Methylene Blue with UBI for Chronic Lyme

Methylene Blue with UBI for Chronic Lyme

As we have discussed before, Methylene blue is a naturally occurring salt which started off as a dye and became the first fully man-made medicine when it was synthesized by German chemist Heinrich Caro in 1876. It is a powerful antioxidant and antimicrobial that has a long history of being used for surgical staining of microscope lab slides, as a treatment for malaria, methemoglobinemia (a blood disorder), and as a treatment for urinary tract infections. Pharmacologically, methylene blue increases mitochondrial oxygen consumption as well as electron transport chains, which helps to reduce free radicals, cellular damage, and cell death. The health of our mitochondria is important as mitochondrial dysfunction has multiple effects, both immediate and downstream, due to oxidative stress. 

Lyme disease is one of the top vector-borne diseases in the United States, and extremely prevalent in the Northeast and mid-Atlantic areas, with Pennsylvania being the 6th most prevalent state for Lyme (26.1 per 1,000) behind NJ, DE, WV, RI & ME (Elflein, 2023). A vector is anything that carries a pathogen, disease, or parasite from one living thing to another. While rats, bats, and mice can all be vectors, the most common are insects such as mosquitoes, ticks, fleas, and lice. Ticks carry both viruses and bacteria such as Lyme disease, babesiosis, bartonella, ehrlichiosis, Rocky Mountain Spotted Fever, anaplasmosis, Southern Tick-Associated Rash Illness, Tick-Borne Relapsing Fever, and tularemia, Colorado tick fever, Powassan encephalitis, and Q fever. There is no test that detects Chronic Lyme Disease, but it is defined as having symptoms lasting longer than 4 weeks. Some common symptoms of Lyme disease include:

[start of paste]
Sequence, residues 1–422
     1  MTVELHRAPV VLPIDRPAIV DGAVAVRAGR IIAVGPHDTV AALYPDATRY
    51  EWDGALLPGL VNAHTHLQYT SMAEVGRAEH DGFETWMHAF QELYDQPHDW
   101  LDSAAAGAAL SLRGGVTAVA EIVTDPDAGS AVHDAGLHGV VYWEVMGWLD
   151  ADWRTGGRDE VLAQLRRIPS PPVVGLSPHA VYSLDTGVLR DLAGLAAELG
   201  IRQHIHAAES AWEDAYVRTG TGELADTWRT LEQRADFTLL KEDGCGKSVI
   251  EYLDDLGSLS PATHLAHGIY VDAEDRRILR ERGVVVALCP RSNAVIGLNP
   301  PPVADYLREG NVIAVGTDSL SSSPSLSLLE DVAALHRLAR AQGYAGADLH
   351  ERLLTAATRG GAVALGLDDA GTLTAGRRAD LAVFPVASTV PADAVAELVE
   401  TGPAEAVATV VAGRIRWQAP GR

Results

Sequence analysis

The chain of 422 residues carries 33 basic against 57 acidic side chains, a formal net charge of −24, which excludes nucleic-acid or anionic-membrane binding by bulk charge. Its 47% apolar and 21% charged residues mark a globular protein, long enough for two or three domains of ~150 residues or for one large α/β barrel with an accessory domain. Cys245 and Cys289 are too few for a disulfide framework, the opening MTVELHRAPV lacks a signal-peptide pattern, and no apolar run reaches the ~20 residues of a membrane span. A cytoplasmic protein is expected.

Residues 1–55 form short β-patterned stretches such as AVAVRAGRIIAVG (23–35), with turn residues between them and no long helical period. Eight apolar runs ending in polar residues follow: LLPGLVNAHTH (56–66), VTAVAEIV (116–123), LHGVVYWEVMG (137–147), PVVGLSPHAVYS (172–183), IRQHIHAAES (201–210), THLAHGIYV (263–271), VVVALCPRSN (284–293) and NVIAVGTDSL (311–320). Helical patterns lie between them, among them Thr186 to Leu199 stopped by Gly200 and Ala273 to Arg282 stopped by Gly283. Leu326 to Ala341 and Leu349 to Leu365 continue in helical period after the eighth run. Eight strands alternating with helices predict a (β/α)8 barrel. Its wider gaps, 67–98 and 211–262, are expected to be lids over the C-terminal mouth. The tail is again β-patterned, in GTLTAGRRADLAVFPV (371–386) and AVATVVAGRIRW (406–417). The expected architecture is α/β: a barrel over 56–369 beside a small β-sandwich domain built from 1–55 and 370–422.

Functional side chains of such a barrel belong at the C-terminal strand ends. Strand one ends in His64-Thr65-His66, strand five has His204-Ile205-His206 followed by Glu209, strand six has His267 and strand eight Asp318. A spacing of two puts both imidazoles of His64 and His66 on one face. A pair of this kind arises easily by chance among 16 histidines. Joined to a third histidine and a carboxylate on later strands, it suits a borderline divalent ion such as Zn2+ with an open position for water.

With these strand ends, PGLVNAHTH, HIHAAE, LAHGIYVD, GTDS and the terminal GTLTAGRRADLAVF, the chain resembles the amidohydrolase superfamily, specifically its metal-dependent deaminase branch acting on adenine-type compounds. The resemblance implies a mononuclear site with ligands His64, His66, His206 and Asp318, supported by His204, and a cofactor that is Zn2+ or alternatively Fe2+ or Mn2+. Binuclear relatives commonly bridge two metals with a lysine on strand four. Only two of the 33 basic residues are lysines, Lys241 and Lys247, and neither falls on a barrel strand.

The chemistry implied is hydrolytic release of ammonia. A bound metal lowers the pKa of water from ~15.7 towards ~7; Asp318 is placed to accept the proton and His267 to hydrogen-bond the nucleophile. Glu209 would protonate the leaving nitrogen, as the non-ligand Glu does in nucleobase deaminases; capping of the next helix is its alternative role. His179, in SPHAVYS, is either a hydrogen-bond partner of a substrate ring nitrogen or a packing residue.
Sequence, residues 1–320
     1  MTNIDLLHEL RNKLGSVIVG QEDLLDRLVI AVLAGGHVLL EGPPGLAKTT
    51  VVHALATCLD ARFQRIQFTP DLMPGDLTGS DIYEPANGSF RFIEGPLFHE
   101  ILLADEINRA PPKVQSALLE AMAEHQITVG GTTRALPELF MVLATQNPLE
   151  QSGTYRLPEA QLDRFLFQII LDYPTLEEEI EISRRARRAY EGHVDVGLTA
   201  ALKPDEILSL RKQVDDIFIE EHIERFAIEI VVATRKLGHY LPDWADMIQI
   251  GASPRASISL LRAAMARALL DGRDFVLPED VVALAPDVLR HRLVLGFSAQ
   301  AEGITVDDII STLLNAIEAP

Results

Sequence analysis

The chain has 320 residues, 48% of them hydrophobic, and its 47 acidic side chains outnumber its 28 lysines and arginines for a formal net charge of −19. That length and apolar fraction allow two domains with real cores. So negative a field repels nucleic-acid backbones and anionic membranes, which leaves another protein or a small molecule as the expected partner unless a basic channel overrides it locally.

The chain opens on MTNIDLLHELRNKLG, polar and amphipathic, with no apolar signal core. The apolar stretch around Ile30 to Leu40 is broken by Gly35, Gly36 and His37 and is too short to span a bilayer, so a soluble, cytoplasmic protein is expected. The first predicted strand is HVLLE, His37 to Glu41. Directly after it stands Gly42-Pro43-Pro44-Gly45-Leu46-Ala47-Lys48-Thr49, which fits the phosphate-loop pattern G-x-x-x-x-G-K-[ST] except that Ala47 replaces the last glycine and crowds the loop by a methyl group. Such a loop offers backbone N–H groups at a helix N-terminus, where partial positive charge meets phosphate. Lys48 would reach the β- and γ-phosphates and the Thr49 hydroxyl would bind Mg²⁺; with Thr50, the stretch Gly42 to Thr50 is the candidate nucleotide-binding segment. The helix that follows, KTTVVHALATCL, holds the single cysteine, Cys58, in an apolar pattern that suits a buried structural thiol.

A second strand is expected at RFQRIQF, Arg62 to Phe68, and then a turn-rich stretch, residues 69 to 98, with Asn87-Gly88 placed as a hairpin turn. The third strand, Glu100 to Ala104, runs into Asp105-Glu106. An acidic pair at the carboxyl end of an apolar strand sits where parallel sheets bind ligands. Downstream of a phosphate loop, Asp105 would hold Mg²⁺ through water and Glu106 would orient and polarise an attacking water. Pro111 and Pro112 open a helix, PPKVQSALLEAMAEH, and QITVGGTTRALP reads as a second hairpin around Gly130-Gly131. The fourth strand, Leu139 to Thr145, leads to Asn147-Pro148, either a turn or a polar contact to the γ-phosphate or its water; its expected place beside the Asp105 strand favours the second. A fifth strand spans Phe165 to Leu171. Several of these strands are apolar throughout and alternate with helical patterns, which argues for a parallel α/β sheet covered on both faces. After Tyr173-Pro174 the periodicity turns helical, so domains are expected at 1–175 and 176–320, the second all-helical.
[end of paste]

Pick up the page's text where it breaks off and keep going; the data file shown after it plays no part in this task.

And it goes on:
• Fever/chills
  • Aches and pains
  • Rash

Other symptoms can include:

  • Headaches
  • Fatigue
  • Joint pain
  • Stiff neck
  • Facial paralysis
  • Breathing difficulties
  • Swollen lymph nodes
  • Brain fog

While many people have been told to be on the lookout for a bull’s eye rash as a visual confirmation of the diagnosis, studies have shown that the percent of people who actually have a visible rash ranges from 39.3% to 69% (Johnson et al., 2014). Patients who are diagnosed with Lyme disease receive antibiotic treatment, and most are cured within 2-4 weeks. However, if a patient does not receive treatment or is not responsive to treatment, they can develop Chronic Lyme Disease. It is estimated that between 10%–20% of people who have Lyme develop Chronic Lyme Disease, even after receiving antibiotics. Furthermore, research also shows that continued use of antibiotics doesn’t improve symptoms from Chronic Lyme (Mayo Clinic, 2023) and that the current antibiotics used to treat the initial occurrence of Lyme are not the most efficacious (Feng et al., 2015).

This is where methylene blue can help. In studies, this therapy was found to be one of the best treatments against the lyme strains Bartonella burgdorferi (Feng, 2015) and Bartonella henselae (Zheng et al., 2020), especially in the log and stationary stages, when the bacteria multiply and take up residence in our body. Due to its ability to help mitochondria function and enhance nerve cell signaling, in addition to its ability to cross the blood-brain barrier, methylene blue is a highly effective treatment for patients suffering from Chronic Lyme Disease.